It is the extremes, therefore, that show some change in their share of income.
In short, we can say that the recent evolution of inequality, when total income is considered, is due, above all, to the downward variations among the poorest class and not to the enrichment of the wealthiest.
This point is illustrated in graph 3. This graph connects the richest 10% (decile 10) with decile 5. Between 2004 and 2013, the homes in decile 10 enjoyed an income around three times higher than that of homes in decile 5, and this relationship remained very stable, with small variations, throughout these years. In contrast, the distance between the end deciles increased continually over the course of the last decade, and particularly from 2007. This increase is entirely due to the losses of the poorest groups. It is these losses that are responsible for the increase in the gap between rich and poor, and not the increase in the income of the richest groups since, as we have seen in table 1, they also experienced absolute loss of income, although it was much lower if considered proportionally.
This conclusion is important as it situates Spain far from the polarising model according to which the rich get richer at the cost of the poor; a pattern frequently assumed as a part of the general tendency in the majority of developed countries. The data do not support either the hypothesis of the economic decline of the middle class, nor that of the enrichment of the wealthiest at their expense. The only evident point is that, both in relative and absolute terms, the lowest segments of income distribution were those that most suffered the impact of the crisis.
4. Mobility across the distribution of income: has the social elevator drawn to a halt?
A significant question when assessing the possible economic, social and even political implications of the scenario described above is to know to what point individuals move between the different income classes over time. The higher the possibility of individuals being anchored to their starting positions, the fewer the opportunities for social mobility and the greater the danger that situations of disadvantage will fester and become chronic.
Graph 4 shows how the different deciles have evolved over the course of the period that elapsed between 2008 and 2011, which corresponds approximately to the first and most acute phase of the crisis.
In our analysis, the starting point is taken as the income decile group that individuals were in at the start of the period and the endpoint, the three major income groups defined previously (rich, poor and middle class). The possibility of remaining in the same decile as that of origin is classed as immobility. Someone who, for example, was in decile 1 in 2008 will be classed as “immobile” if they are still in the same decile in 2011; “poor” if they move to decile 2; “middle class if they experienced upward mobility to any of the deciles between 3 and 8; and “rich” if they reach one of the two top deciles.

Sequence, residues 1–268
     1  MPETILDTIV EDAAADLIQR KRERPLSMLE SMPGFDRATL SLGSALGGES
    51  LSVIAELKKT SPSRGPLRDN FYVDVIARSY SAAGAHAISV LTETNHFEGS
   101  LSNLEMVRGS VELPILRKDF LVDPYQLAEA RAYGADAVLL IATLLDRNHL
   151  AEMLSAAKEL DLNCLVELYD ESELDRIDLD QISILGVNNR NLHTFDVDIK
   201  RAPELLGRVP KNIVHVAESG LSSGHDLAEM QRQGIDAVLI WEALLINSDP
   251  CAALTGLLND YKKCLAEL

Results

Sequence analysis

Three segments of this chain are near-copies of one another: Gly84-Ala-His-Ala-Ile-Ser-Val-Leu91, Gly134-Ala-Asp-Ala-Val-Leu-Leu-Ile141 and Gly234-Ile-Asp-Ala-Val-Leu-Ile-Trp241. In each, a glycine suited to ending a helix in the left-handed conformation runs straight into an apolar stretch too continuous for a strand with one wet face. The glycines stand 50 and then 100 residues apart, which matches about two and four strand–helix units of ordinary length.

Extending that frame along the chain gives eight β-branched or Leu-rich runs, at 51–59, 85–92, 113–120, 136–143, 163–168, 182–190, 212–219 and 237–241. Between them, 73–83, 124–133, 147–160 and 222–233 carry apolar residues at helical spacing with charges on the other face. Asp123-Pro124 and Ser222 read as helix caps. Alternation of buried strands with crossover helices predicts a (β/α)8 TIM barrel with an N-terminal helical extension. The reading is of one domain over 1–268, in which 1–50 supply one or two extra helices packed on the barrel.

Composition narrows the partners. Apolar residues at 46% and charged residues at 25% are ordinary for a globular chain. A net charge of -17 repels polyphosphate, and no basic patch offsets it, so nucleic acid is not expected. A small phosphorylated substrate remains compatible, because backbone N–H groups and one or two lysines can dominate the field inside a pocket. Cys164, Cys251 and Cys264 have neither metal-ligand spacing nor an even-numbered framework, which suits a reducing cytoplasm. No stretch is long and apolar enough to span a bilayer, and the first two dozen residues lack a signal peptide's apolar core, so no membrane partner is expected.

Thus, starting with the part to the right of the distribution in graph 4, some 65.5% of the individuals that began in decile 10 remained in the same place three years later and only 13.2% had experienced short downward mobility to decile 9, i.e., they stayed in the rich classes. Thus, approximately 3 out of 4 individuals (78.8%) belonging to the richest 10% at the start of the crisis continued to be rich in 2011, while some 20% descended to the middle class, and an irrelevant 1.2% ended in the lowest deciles, falling into poverty.
A somewhat similar pattern occurs at the opposite end of the scale with decile 1, the poorest. However, in this case the percentage is lower than those that remain in the same decile (52.9%) and appreciably higher is that of those who experience short upward mobility towards decile 2 (23.1%); all in all, some 76% remain poor at the end of the period.
The percentage of those moving towards the middle class reaches 21.7%, and a small 2.3% manage to climb up to deciles 9 and 10, becoming rich in accordance with our classification.